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Giant NZ Bluefin Tuna To Hit China’s TV Screens


One of the Chinese TV crew gets a closer look
It might be all bad news on the Chinese milk powder front for New Zealand, but 19 million fishing fans in China are about to be treated to the sight of monster fishing off the West Coast of the South Island.
In a charter boat out of Westport, the Chinese TV crew caught four Pacific bluefin tuna (Thunnus orientalis) - that if they ever got to the Tokyo fish auctions would sell, depending on condition and tuna supply, for about USD 20,000 each.
But for charter skipper Lance Goodhew of Encounter Fishing, it was a case of telling the Chinese crew to start slicing it all up for steaks and sashimi.
“We’re recreational, we would be in very big trouble if we sold it,” he said.
“I joked with them that their tuna steaks were USD 1000 meals.”
The Pacific bluefin are attracted to the West Coast by the millions of spawning hoki at this time of year.
Also attracted to hoki are major fishing companies.
Goodhew says the fishing boats seldom take tuna as a by-catch.
 “These tuna are way too fast for them.”
They’ve been clocked doing upwards of 50kmh.
In this part of the world no-one has a quota for Pacific bluefin, so it is left to recreational operators.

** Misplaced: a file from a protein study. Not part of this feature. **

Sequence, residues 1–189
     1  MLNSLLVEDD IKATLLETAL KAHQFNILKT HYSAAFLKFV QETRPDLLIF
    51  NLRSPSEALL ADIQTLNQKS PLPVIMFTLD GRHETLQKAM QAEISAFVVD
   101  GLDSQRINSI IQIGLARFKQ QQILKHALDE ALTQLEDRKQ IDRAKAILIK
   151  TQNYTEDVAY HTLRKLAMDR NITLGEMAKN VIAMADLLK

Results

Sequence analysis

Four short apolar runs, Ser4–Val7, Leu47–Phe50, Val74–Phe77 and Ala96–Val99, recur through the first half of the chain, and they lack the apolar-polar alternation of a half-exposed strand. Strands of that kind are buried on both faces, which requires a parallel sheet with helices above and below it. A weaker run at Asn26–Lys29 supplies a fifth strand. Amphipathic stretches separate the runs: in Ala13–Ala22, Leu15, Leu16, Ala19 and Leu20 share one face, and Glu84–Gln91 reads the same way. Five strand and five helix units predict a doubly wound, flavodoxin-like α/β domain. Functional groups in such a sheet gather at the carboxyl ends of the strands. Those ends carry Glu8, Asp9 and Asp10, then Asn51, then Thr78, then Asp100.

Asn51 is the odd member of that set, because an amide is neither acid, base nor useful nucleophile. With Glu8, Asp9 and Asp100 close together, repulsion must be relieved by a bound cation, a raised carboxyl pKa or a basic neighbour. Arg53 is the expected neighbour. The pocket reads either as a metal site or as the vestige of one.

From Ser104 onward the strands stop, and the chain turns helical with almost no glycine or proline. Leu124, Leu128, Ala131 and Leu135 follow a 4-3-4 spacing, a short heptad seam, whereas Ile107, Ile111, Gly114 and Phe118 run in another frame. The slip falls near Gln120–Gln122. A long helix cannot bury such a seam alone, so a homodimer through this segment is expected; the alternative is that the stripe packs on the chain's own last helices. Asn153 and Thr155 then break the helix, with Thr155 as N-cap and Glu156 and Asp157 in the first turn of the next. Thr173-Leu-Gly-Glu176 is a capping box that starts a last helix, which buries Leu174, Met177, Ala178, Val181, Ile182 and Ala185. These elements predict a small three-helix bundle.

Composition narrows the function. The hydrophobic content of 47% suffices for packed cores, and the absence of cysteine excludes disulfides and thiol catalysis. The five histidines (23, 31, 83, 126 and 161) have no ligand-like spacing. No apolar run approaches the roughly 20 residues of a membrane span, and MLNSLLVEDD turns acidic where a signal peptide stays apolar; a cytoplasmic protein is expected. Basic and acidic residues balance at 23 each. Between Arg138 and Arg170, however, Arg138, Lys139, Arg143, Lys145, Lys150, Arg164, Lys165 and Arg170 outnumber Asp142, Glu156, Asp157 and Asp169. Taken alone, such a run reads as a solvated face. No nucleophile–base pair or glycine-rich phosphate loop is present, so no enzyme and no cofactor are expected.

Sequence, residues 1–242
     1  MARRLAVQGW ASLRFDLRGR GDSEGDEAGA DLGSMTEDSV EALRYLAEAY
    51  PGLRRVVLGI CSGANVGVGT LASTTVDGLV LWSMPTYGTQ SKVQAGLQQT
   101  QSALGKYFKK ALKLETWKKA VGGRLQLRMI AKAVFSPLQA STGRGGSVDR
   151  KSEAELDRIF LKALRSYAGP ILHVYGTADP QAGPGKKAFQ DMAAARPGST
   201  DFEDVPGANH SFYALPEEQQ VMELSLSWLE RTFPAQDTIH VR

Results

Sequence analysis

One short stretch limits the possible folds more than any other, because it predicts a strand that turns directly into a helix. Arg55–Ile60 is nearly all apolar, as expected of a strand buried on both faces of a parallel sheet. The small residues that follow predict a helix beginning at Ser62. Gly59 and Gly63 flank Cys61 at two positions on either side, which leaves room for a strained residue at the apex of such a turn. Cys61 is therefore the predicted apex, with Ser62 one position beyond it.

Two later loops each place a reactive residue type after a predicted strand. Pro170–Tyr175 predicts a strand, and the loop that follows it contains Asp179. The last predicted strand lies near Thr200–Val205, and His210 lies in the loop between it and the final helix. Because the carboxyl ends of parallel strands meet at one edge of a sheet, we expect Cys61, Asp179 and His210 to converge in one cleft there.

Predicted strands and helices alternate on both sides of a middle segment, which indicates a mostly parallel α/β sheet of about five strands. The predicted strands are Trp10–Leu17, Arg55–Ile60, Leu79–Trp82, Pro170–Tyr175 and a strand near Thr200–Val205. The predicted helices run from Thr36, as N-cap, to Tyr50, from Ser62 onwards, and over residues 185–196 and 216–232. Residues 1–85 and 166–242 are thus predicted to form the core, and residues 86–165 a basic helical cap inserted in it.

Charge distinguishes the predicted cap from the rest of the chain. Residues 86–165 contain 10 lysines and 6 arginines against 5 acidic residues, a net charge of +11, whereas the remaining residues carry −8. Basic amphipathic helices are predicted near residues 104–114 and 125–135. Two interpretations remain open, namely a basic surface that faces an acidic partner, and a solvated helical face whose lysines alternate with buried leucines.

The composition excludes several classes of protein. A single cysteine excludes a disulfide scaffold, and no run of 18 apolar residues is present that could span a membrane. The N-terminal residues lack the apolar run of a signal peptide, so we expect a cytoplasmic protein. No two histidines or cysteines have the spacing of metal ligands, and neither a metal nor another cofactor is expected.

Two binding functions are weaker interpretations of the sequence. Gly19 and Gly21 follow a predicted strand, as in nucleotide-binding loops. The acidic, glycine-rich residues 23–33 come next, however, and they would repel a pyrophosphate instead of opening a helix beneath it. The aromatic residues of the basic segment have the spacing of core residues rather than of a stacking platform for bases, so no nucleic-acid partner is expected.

The Chinese television crew who went out at the weekend to film a chase “got more than what they bargained for with the first fish ripping them off their feet and around the cockpit like ragdolls”.
After a two-hour tussle they pulled in a 285kg first fish for the season.
Three hours later they got another and before tagging and releasing, they estimated it was 250kg. Another at 260kg was tagged and released.
Two nights later they got another one, at 272kg.
“Sadly the fish died in the fight and came to the boat with no life, so we pulled aboard.”
The International Game Fish Association says the all-tackle game fish record was a 325kg individual caught off New Zealand in 1997.
In December last year, a 222kg Pacific bluefin tuna caught off north eastern Japan was sold at the Tsukiji fish market in Tokyo for a record NZ$2.18 million.